“Can you speak-a English!” she shouted, waving her handheld metal detector about.

“I AM SPEAKING ENGLISH!” I replied. To no avail. She was not familiar with such a business concept, and said kindly that I could leave my bag with her if I wanted. Outside the 北京火车站, after buttonholing several groups of security personnel, one man left his post to show me to the door of the left luggage facility. It was on an upper floor, but its entrance was along a row of similar looking shops with gaudy red signs.

A further problem: Beijing yuan, or the lack thereof. Surprisingly, there were no moneychangers at the railway station. Across the overhead bridge, the Postal Savings Bank of China did not have a foreign exchange service, but perhaps I could try the bank a street away? That bank did not accept British pounds or Singapore dollars, perhaps I could try another bank a block away? Yes that bank did accept British pounds but they did not look new enough.

I did end up with just enough money to pay to leave my backpack in safe hands for a few hours while I went exploring, avoiding the innumerable globs of spit all over the tiled floors and pavements. Everywhere, you could hear people behind you and in front of you about to hack another to join its fellows on the ground. I could not tell if it was the notoriously polluted Beijing air or the Beijingers’ rampant smoking that caused them this trouble. Worse were the pedestrians who stopped suddenly in mid-stride to empty the contents of their leaky noses onto public walkways.

However, for once in the last few weeks, food was readily available along the streets, and relatively cheap.

老北京炸酱面 (Lao Beijing Zhajiang Mian), Beijing, China

老北京炸酱面 (Lao Beijing Zhajiang Mian), Beijing, China

smoking indoors, 老北京炸酱面 (Lao Beijing Zhajiang Mian), Beijing, China

老北京炸酱面 (Lao Beijing Zhajiang Mian), Beijing, China老北京炸酱面大王 (Lao Beijing Zha Jiang Mian King) was rather bland, even after a week of Mongolian mutton. Note the lack of ban on smoking in enclosed restaurants.

 After this hiccup, there wasn’t another bad meal in Beijing:

Beijing, China

Beijing, China

Beijing, China

Beijing, Chinabao in fast food eateries and in holes-in-the-wall along the pavement, one basket for just 10,

Beijing, China

Beijing, Chinadeep-fried garoupa with chilli, washed down with a light Yanjing beer,

Beijing, Chinagiant cotton candy clouds,

Beijing, China北京酸奶 (Beijing fermented milk drink or yoghurt drink),

oh, and those amazingly diverse food choices along dedicated food streets (aka. night markets):

东华门夜市 (Dong Hua Men Night Market), Beijing, China

centipedes, beetles, spiders, 东华门夜市 (Dong Hua Men Night Market), Beijing, China

hearts, livers, and other organs, x东华门夜市 (Dong Hua Men Night Market), Beijing, China

东华门夜市 (Dong Hua Men Night Market), Beijing, China

deep-fried crab, 东华门夜市 (Dong Hua Men Night Market), Beijing, China

how to eat so your clothes stay clean, 东华门夜市 (Dong Hua Men Night Market), Beijing, China

potato spirals, 东华门夜市 (Dong Hua Men Night Market), Beijing, China

skewers of candied fruit, 东华门夜市 (Dong Hua Men Night Market), Beijing, Chinawe were early at 东华门夜市 (Dong Hua Men Night Market), but already, thick clouds of cooking and frying enveloped us as we walked along, deciding what to sample. Would it be 串儿 (chuan er, lamb skewers, كاۋاپ in Uyghur)? Or star fish and frogs and sea urchin? Or beetles and centipedes, finished off with a hairy tarantula spider? Or hearts, kidneys, livers, and other organs and spare bits? Or just deep-fried whole crabs? Or spirals of fried potato? Or colourful skewers of candied fruit?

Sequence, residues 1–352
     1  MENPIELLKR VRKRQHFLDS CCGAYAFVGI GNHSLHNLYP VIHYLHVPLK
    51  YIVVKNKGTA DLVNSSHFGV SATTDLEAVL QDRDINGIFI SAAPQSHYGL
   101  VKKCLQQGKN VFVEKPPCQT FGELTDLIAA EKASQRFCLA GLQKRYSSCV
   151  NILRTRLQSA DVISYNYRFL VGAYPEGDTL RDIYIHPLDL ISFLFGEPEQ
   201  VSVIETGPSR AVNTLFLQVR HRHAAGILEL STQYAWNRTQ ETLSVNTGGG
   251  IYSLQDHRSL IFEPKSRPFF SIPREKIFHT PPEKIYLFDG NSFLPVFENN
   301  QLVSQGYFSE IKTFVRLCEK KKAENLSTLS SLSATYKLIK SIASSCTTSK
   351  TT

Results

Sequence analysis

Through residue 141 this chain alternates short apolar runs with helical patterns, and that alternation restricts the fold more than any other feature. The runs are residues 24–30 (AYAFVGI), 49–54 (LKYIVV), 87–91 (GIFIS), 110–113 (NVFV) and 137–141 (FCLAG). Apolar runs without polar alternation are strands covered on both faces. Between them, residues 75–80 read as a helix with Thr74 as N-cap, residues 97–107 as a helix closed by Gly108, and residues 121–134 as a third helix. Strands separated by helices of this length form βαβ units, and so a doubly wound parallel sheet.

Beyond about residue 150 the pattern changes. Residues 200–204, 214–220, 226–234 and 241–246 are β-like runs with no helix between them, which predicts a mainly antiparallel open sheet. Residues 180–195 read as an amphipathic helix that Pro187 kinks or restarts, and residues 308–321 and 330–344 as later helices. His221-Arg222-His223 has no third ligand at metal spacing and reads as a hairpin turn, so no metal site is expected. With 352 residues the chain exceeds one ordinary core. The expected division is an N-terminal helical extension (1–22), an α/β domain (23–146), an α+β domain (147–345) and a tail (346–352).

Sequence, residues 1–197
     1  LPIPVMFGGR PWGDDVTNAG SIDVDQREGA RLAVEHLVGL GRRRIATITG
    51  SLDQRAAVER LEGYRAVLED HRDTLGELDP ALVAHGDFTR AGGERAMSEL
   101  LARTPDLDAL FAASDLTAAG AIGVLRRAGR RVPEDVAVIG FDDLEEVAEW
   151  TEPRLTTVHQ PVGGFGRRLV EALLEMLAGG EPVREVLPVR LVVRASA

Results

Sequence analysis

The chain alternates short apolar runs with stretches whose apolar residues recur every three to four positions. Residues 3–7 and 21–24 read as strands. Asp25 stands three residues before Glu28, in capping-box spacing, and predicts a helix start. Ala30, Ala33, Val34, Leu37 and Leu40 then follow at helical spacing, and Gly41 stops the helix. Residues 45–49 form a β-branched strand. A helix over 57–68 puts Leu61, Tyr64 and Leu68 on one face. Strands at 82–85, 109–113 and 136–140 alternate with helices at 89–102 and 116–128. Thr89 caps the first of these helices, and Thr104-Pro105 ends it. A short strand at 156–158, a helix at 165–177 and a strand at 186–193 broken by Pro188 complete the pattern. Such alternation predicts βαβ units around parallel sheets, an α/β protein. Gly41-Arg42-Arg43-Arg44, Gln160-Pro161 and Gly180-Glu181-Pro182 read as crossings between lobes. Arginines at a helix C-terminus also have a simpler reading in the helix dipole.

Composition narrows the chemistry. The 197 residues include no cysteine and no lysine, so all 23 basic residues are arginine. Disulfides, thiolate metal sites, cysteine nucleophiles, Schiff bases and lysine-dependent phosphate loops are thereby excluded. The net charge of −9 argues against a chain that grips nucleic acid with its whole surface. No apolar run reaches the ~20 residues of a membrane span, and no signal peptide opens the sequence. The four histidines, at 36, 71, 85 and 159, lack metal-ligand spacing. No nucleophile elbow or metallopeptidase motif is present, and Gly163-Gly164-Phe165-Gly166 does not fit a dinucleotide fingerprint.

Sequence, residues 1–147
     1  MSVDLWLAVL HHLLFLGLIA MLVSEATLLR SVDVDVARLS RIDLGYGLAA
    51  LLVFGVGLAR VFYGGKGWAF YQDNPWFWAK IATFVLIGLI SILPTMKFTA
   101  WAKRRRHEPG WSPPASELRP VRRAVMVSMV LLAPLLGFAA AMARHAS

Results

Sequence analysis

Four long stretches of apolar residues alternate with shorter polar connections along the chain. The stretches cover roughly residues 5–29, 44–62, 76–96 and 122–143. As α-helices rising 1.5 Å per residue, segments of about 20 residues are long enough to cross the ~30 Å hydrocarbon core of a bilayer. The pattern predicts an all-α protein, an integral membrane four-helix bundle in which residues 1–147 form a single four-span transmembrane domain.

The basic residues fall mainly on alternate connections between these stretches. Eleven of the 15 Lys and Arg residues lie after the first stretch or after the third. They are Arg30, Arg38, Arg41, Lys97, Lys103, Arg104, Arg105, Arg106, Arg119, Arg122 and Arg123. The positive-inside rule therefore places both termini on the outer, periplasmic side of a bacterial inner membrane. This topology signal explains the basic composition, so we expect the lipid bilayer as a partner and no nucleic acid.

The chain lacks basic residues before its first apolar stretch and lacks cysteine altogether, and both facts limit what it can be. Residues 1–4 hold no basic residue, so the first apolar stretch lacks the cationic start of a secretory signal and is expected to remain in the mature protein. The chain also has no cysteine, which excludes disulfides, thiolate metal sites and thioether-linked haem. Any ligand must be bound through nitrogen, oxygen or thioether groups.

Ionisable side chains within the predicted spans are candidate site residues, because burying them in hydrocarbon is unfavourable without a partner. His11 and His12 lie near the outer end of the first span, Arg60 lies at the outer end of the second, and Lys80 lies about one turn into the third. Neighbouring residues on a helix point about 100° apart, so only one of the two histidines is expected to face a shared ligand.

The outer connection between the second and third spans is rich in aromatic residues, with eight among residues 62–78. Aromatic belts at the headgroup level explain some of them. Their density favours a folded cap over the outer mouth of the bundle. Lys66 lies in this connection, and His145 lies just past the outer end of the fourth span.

A few minutes away, equally interesting food on offer at 王府井夜市 (Wang Fu Jing Night Market)

singing noodle hawker, 王府井夜市 (Wang Fu Jing Night Market), Beijing, China

quail eggs, 王府井夜市 (Wang Fu Jing Night Market), Beijing, China

王府井夜市 (Wang Fu Jing Night Market), Beijing, China

baby scorpions, 王府井夜市 (Wang Fu Jing Night Market), Beijing, Chinaa singing noodle hawker, quail eggs on a stick, two men pounding peanut brittle candy, and squirming baby scorpions on skewers.

Not sure what to think of the Chinese costumes – the half- 长衫s with mandarin collars with frog buttons, etc. On one hand, it panders to the Western orientalist (in the Edward Said sense) gaze that would prefer photographs of fake pig-tails to Jeremy Lin basketball shirts. It is a simulated authenticity staged for the benefit of the tourist yuan. Even further, it mixes orientalist signs with authentic differences of language and foods to further confirm themselves as the Other, the Altern, for the consumption of foreigners. On the other hand, why not?

At Da Dong Roast Duck Restaurant though, there was modern sophistication a world away from the costumes of the street stalls. Ah, but do the white crockery, white table cloths, chef hats, internal water feature, dramatic setting of the duck ovens not constitute a different category of signs?

北京大董烤鸭店 (Da Dong Roast Duck Restaurant), Beijing, China

北京大董烤鸭店 (Da Dong Roast Duck Restaurant), Beijing, China

aubergine stack, 北京大董烤鸭店 (Da Dong Roast Duck Restaurant), Beijing, China

different ways of eating duck, 北京大董烤鸭店 (Da Dong Roast Duck Restaurant), Beijing, China“Look, the eyeball!” exclaimed B, who was determined not to act the part of the squimish Brit,
北京大董烤鸭店 (Da Dong Roast Duck Restaurant), Beijing, Chinaand promptly wrote home about her authentic experience. I do love B, and also truly loved the irony. 🙂
Beijing, China